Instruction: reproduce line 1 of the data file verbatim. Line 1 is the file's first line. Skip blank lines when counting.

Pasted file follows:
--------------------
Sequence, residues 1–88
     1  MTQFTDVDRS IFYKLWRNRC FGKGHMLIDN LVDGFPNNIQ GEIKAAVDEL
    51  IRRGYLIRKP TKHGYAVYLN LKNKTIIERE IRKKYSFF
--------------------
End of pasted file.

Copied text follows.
Sequence, residues 1–88